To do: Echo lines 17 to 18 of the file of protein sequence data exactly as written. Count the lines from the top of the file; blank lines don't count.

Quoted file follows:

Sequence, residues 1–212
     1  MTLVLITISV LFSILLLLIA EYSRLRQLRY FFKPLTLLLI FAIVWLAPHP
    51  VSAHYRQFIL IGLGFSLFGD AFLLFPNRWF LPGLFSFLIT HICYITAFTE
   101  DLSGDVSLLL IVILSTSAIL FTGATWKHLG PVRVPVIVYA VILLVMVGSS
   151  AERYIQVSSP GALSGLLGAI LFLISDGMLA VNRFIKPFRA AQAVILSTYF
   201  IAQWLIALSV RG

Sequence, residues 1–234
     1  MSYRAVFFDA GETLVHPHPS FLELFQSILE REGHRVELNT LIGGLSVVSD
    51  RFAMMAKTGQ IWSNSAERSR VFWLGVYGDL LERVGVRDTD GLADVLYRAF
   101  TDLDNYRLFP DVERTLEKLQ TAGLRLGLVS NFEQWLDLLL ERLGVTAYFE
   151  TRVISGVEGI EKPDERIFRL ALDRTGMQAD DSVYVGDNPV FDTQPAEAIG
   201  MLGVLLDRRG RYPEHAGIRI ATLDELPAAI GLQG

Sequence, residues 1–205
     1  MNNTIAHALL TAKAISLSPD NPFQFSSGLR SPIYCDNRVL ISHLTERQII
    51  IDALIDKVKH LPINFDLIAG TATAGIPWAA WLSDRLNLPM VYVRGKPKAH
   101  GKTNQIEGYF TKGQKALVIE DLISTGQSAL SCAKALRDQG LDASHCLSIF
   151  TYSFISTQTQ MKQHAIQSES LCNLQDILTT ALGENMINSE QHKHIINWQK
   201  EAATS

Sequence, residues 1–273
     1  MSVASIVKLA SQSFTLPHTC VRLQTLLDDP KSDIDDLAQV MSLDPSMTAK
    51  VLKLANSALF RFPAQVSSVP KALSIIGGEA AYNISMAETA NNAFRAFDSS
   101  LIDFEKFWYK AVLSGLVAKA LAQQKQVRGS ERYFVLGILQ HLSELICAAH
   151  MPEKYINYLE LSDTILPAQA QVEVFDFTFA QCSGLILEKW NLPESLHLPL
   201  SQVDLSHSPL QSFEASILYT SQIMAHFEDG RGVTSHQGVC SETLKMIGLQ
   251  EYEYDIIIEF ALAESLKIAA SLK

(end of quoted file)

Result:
   151  TYSFISTQTQ MKQHAIQSES LCNLQDILTT ALGENMINSE QHKHIINWQK
   201  EAATS